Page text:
Mountain Gorilla Trekking, Which is understandable – getting to the gorillas takes more effort, more time and more expense than a traditional safari. But you know what they say: you get what you pay for.
There are only two populations of mountain gorillas left in the world. The first lives in the Virunga volcanic mountains of Central Africa, with groups scattered between Uganda, Rwanda and the Democratic Republic of the Congo (our tours visit Rwanda’s Volcanoes National Park and Uganda’s Bwindi Impenetrable Forest).
The second population lives deep in Bwindi. As of last year, best estimates are that – in total – there are fewer than 900 mountain gorillas left in the wild. That puts them on the Critically Endangered list (two classifications away from completely Extinct).
The first thing to appreciate is that visiting mountain gorillas / Mountain Gorilla Trekking on a group tour can be quite expensive (going solo is often even more so). These animals exist in extremely remote locations, in countries not known for their tourist infrastructure, which means the logistics of a gorillas visit are a challenge in themselves. Tour groups must also pay permits for expert guides to lead them through Virunga, or Bwindi or Volcanoes National Park.
Like most game drives in Africa, the experience is completely worth it, and we’re yet to hear anyone come back from a gorilla visit underwhelmed, but it’s just something to keep in mind. It’s also worth remembering that gorilla treks in Uganda have seasonal permit pricing, which means permits cost almost half as much in March and April.
Uganda Gorilla Shortbreak
A compact 4-day itinerary from Kampala to Uganda’s Bwindi Impenetrable Forest. If you’re passing through Uganda on your own, this would make a fantastic trek add-on to a larger itinerary.
Mountain Gorillas of Rwanda
An equivalent 4-day shortbreak, this time in Rwanda’s Volcanoes National Park. This one comes with an optional ‘Gorillas in the Mist’’ trek to visit the grave of Dianne Fossey, as well as her old research station, deep in the jungle.
Gorillas & Game Parks
A more comprehensive 16-day itinerary, with an overland truck and a dedicated Intrepid leader. It combines gorilla trekking in Uganda with safaris in the Masai Mara and Queen Elizabeth National Park. One for the serious wildlife buffs.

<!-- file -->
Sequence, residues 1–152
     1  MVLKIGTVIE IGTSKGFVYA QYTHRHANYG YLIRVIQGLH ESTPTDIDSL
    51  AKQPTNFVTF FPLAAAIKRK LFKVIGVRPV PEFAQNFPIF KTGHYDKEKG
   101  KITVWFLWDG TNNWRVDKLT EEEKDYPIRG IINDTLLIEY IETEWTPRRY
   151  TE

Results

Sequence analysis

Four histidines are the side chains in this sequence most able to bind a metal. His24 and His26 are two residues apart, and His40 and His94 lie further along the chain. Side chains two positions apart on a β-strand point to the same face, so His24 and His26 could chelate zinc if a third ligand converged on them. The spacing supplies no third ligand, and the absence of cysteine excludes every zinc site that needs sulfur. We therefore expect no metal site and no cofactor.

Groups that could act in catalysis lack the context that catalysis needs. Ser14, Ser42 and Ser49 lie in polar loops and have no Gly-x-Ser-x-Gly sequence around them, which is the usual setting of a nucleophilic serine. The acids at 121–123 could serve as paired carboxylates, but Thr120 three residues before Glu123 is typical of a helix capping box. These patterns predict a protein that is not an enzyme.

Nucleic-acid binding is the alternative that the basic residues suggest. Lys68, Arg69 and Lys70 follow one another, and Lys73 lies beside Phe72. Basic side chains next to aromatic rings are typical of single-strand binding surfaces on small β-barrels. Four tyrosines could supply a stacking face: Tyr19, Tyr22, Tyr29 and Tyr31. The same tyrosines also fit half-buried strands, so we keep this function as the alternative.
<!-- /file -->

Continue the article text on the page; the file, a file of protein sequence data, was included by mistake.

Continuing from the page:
Mountain gorillas live way up in the cloud forests, ranging from an altitude of 2200m to 4300m (a not insignificant height – you may feel a little short of breath. Remember to let your guide know if you feel a headache coming on).
The vegetation on the lower slopes will be dense, often a mix of bamboo, ferns and galium vines. As you climb, the undergrowth should thin out a bit. The zone where the gorillas live is misty, damp and (depending on the weather) can be a bit cold. Mountain gorillas move around depending on the season, spending time in the subalpine regions to feed on senecio trees during certain times of the year.
Boots – Essential
A good quality pair of hiking boots from a store like Kathmandu will serve you well. They’re expensive, but so are your ankles when they break. Don’t risk it with a cheap pair of sneakers.
During the trek you might be grabbing trees, branches and vines, and your hands can get a bit scratched and generally beaten up if you’re not careful. Pack a tough old pair of gardening gloves. They’ll look lame, but you’ll be glad you brought them.
Light rain jacket
Bwindi and Virunga are both tropical rainforests, and there’s a good chance of rain almost the year-round. Pack a light-weight poncho or rain jacket that you can roll up in your bag and bring out if necessary.
The trek to the mountain gorillas isn’t impossible, but it is tough. Energy snacks like nuts, dried fruit, chocolate or power bars are a great idea. Just remember to take any rubbish with you as you go.
Avoid buying plastic water bottles while you’re in Uganda or Rwanda. They’re terrible for the environment. Bring a reusable canteen (preferably with a purifying filter built in) or a pack of filtration tablets. You’ll need to drink a lot during the trek.
Long pants and shirts
It’s best not to expose too much skin during the jungle trek, and remember to tuck your trousers into your socks – you really don’t want safari ants crawling up there.
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